I am in the process of making several tools for use on the lathe, and hope to sell some of them at cost, I would like to be able to etch the shaft with a logo, as well as polishing the shaft. I have access to a faily well equipped high school metal shop(was thinking of mounting on one of the lathes to polish.
Hay Raid, You know, I was thinking about Roadmarks just about an hour ago. How it could be a good movie. Anyway, get that stuff they use for ecthing circuit boards at radio shack. It's ferric chloride. Stains fingers real good but will etch steel. Lacquer or wax the part and scratch through to make your image and then submerge, agitating once in a while, and check now and then 'till it's deep enough. Cheers, ERS
Electrochemical etching is an easy and safe process. It can be used to make a deep etch or a very thin surface mark. Beware of commercially available electro-marking equipment, though; it is ridiculously expensive. On the other hand, it is very easy and inexpensive to build your own. My electro-etcher is shop made from materials I had on hand. The process, materials, and equipment are almost trivial, but information is closely guarded within the industry.
For the resist, I've been happy with photo-sensitive stencils. I create the image on the computer, print it on the photo-resist using a LaserJet to make a contact mask, and expose the film using simple shop-made light box.
Knife maker Bob Warner's tutorials provide a good starting point:
out "Electro-Etcher" and "Stencil Exposure unit")
Additional practical information on the process can be found here:
Electrochemical etching requires an electrolyte. Last summer, I got free samples of three different electrolytes from IMG, intending to experiment with them on different steels, but I haven't got round to doing that yet. I did use the SC-50 electrolyte on O1 and it worked very well.
However, I also had good results with a homebrew electrolyte of about equal parts of potassium chloride and salt in water. This solution works even better with a bit of muriatic acid added. I was experimenting around with this before I got the commercial electrolytes from IMG, and it worked pretty well. The "recipe" came from a paper on sheet metal strain studies.
The original recipe in the paper was: potassium chloride, 80g sodium chloride, 90g nitric acid, 100ml hydrochloric acid, 100ml water, 4.5L
With no nitric acid readily available, I just winged it with what I had on hand and it worked well enough. I had previously tried various concentrations of plain salt and water with poor results.
On stainless steels, I have heard that the commercial electrolytes are best, but I don't know from experience.
My contact at IMG was Patricia Bruno. She was very helpful. She also mentioned something about an inexpensive "knifemaker's sample pack" with five different electrolytes that they were planning to offer. Here is IMG's web page.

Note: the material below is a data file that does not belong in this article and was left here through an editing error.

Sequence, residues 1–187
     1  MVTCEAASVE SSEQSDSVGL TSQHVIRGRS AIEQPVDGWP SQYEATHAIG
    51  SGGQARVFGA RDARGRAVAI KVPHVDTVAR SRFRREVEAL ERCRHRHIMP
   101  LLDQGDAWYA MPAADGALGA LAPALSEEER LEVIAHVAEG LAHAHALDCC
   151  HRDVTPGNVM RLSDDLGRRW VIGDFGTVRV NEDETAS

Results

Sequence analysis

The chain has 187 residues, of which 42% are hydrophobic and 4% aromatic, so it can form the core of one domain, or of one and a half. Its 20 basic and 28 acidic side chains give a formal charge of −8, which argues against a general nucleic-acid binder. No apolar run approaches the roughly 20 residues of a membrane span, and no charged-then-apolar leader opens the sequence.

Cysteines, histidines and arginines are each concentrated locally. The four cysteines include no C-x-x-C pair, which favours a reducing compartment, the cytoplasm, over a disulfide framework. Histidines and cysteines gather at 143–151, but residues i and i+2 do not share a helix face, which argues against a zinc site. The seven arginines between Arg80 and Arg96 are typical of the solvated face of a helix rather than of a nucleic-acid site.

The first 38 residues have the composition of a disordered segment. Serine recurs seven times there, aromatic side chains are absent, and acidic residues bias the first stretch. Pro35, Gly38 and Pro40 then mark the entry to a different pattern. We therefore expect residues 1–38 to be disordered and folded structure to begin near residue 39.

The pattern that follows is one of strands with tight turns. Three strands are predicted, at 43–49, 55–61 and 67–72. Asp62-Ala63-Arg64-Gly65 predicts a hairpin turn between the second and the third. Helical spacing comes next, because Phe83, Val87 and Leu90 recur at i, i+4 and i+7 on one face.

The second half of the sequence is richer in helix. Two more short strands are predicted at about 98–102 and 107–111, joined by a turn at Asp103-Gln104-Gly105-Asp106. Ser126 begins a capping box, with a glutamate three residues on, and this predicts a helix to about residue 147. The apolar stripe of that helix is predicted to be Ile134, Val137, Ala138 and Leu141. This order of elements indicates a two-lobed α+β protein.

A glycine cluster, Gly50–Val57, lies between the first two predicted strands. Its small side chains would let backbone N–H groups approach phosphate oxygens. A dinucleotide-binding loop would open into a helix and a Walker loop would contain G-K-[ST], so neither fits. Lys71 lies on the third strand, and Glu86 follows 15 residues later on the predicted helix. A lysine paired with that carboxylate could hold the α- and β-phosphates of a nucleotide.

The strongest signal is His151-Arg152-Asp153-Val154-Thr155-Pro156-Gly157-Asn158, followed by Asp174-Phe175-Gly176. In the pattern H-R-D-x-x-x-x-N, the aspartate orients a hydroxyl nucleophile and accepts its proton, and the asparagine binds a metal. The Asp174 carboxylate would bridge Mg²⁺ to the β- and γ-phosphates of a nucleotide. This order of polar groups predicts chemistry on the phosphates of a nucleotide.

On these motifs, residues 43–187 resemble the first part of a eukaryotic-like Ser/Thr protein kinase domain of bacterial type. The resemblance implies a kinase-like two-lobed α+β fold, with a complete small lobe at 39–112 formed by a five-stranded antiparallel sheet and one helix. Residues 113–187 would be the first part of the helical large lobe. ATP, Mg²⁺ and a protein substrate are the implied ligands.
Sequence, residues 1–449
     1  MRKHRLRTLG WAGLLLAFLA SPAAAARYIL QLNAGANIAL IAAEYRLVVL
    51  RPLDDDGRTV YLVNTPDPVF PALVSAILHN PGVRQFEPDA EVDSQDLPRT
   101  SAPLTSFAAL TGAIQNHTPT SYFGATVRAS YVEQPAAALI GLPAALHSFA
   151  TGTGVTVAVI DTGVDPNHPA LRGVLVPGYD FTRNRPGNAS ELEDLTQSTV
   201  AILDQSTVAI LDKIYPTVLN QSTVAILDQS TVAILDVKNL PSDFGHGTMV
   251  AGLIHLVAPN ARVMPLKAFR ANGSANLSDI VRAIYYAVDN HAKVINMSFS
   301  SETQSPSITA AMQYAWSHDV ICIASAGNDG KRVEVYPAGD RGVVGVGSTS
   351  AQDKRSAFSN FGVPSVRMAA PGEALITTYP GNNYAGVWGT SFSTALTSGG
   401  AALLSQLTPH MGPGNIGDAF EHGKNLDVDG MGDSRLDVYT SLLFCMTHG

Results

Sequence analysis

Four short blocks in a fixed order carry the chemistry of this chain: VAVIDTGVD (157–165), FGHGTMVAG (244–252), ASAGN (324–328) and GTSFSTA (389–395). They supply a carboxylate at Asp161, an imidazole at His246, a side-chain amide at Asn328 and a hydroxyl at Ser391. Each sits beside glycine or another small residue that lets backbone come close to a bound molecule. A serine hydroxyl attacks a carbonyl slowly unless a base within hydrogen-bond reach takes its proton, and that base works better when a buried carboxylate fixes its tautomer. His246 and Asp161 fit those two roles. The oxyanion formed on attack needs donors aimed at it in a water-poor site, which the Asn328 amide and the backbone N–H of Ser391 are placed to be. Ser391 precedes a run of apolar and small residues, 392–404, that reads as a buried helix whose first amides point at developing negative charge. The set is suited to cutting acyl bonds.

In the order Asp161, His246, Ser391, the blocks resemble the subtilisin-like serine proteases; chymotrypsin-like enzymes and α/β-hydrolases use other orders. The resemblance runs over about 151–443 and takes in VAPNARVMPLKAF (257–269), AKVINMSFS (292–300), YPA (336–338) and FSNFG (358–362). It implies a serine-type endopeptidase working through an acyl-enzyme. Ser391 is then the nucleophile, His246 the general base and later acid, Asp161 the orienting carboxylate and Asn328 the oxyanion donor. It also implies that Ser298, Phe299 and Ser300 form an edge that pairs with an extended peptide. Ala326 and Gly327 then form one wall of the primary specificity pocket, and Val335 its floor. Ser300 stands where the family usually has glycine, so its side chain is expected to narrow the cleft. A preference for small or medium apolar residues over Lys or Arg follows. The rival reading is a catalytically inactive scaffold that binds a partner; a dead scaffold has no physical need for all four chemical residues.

Snoop around their web site for some good basic information on the process and equipment in general.
The technology is solidly within reach of the average do-it-yourselfer. I made both the light box for exposing the stencils and the electro-etcher for a fraction of what the commercial units cost, all from information available on the web. My total out-of-pocket equipment cost was about $8 for the high-output fluorescent light bulb in the stencil exposure unit. Everything else was already on hand in various junk boxes.
I did buy photo-sensitive stencil material and developer. The stencil material was $12 for one 8.5 x 11 sheet, but since the marks are small and a stencil can be re-used for some time, one sheet goes a long way. The developer is a concentrate and a quart cost me $20. I have no idea what's in it -- for all I know it could be plain water (G).
Before I got the stencil material from IMG, I used a different photo- sensitive material, called PhotoEZ High Resolution. As far as I know, Gwen Gibson Designs is the only source for it.
Five sheets were $38. This stuff works a little differently. It doesn't require a special developer (just water) and it can be exposed in sunlight. I don't think the screen is as fine as the IMG stencil material. It doesn't handle fine detail as well. Also, the emulsion appears to soak up some electrolyte in use, which can cause blotches to appear on the mark. If you're doing deep etching and don't need fine lines, though, this stuff does work. You just have to rub off any blotches with an abrasive pad.
By the way, I tried using ferric chloride and was disappointed in the results. It's messy, takes a long time, tends to undercut, and presents a disposal problem.